Finland steps up air defense following airspace incursions by Russian planes

Even though on average there are about about four to six incidents a year Russian planes have entered the Finnish airspace without permission three times in the last week.

Finnish Air Force is stepping up readiness of its air defense assets following three incidents in a week during which Russian planes entered Finland’s airspace without authorization.

According to the Finnish media outlet Yle.fi, the latest such incursions occurred on Aug. 28, when a Russian An-72 transport plane entered the Finnish airspace over the Gulf of Finland and flew within Helsinki’s FIR for about four minutes.

An-72 FinnAF

Image credit: Finnish Air Force

Even though the aircraft did not penetrate deep into Finland’s territory, the frequency of such violations (the others were recorded on Aug. 23 and 29) raised concern among Finnish authorities, to such an extent Finnish Air Force F/A-18 Hornets have been moved to support bases in the south from where they are flying surveillance flights.

One of the Hornet bases closer to the 1,300-kilometer border with Russia is Kuopio/Rissala, even though the Air Force spokesperson said that standby aircraft have been based at Seutula and Vantaa, Yle.fi reported.

Furthermore, Finnish Hornets are trained to operate from public roads, a type of operations that has been part of the standard training conducted mainly in Central, Eastern and Northern Europe since the Cold War.

Top image credit: U.S. Air Force in Europe

H/T to Antti Hietaniemi for the heads-up

About David Cenciotti 4452 Articles
David Cenciotti is a freelance journalist based in Rome, Italy. He is the Founder and Editor of “The Aviationist”, one of the world’s most famous and read military aviation blogs. Since 1996, he has written for major worldwide magazines, including Air Forces Monthly, Combat Aircraft, and many others, covering aviation, defense, war, industry, intelligence, crime and cyberwar. He has reported from the U.S., Europe, Australia and Syria, and flown several combat planes with different air forces. He is a former 2nd Lt. of the Italian Air Force, a private pilot and a graduate in Computer Engineering. He has written four books.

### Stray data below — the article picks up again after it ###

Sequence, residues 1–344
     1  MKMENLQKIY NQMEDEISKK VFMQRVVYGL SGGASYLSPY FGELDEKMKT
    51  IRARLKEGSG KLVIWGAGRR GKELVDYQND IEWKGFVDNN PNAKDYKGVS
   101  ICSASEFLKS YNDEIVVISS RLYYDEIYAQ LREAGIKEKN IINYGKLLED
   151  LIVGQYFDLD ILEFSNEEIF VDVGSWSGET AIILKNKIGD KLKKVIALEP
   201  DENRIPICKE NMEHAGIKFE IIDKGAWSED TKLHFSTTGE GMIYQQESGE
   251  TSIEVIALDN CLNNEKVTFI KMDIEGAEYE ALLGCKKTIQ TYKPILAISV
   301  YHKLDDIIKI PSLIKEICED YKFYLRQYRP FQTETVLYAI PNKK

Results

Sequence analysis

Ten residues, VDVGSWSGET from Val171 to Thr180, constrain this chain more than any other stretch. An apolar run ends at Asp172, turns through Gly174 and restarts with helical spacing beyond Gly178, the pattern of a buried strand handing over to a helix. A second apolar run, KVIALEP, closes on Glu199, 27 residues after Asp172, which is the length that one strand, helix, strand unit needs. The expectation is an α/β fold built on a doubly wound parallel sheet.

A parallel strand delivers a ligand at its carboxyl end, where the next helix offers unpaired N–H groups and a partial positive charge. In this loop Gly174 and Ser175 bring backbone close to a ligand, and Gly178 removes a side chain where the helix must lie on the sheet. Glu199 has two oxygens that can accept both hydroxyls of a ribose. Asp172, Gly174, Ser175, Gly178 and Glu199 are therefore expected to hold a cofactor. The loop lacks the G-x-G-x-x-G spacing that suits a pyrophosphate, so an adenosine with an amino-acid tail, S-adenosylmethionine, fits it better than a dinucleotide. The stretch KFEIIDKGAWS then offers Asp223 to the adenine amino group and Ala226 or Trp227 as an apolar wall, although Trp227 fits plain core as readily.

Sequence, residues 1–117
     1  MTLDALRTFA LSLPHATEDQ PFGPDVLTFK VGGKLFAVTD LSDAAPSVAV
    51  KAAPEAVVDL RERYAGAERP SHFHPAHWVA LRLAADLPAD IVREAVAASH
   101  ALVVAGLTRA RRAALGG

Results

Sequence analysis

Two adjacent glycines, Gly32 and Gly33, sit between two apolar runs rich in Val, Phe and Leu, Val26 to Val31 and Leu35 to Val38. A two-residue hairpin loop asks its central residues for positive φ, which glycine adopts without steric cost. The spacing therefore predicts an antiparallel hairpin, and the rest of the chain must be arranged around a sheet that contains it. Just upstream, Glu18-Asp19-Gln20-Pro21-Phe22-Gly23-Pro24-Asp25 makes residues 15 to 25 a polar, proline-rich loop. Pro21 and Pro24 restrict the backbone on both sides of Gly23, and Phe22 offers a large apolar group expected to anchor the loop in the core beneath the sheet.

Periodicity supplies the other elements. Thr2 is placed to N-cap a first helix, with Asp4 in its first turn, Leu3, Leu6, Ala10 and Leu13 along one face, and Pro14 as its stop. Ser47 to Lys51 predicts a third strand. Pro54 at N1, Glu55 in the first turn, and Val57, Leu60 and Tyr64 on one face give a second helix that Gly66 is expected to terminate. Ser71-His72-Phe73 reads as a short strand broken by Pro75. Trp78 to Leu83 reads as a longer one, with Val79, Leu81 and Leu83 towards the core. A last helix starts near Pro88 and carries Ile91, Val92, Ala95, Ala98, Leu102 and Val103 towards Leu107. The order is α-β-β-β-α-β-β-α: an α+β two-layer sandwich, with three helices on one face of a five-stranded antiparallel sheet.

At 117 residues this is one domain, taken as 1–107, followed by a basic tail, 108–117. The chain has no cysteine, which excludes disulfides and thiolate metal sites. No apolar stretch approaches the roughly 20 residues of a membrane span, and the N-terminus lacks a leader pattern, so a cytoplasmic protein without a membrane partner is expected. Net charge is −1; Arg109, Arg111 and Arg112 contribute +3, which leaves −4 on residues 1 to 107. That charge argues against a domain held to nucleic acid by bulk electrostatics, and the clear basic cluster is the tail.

2 Comments

  1. My first thought were put those Hornets on the tail of one of these planes and issue a “land in Finland or be shot down” command. Then take forever and a day to let the plane return home. Plead paperwork and bureaucracies.

    On reflection, I suspect a different approach might work better. Quite a few Finns speak Russian. Start a Radio Free Russia on the border and expose corruption in the country. I’d love to see some comedy that ridicules Putin’s pretensions at greatness (that little guy who can’t afford a shirt), perpetually drunk Russian men, and the tackiness of Russian billionaires like this one who recently visited Seattle:

    http://www.seattlepi.com/default/article/Mega-yacht-arrives-in-Elliott-By-5722118.php

    As G. K. Chesterton pointed out, those who try to intimidate us are best deterred with humor. Laughter and fear can’t exist at the same time in our psyche. Choose the first and the second disappears.

    I know. Climbing on a mountain glacier, I once found myself in an extremely frustrating situation that could have turned dangerous. I chose to laugh at the absurdity of it all. That helped. Nothing I could do would make the problem go away.

    In short, don’t get angry. Get even and have fun doing it.

    –Michael W. Perry, Chesterton on War and Peace.

    • Most of the Finns who speak Russian were born in Russia and in many cases still have a Russian passport. The “real” Finns who speak Russian are really only those working on selling goods and services to Russia and there aren’t that many of those.

      Radio Free Russia is anyway a bad concept. Much better the present concept of almost daily TV news bulletins in Russian in a normal state TV channel which like the English language TV bulletins seem to use content chosen by the broadcasters themselves (which in the case of the TV broadcasts are young native Russian speakers whereas the much older-established radio broadcasts seem to have at least one Finn with poor Ruusian skills, clearly a hangover from before 1989).

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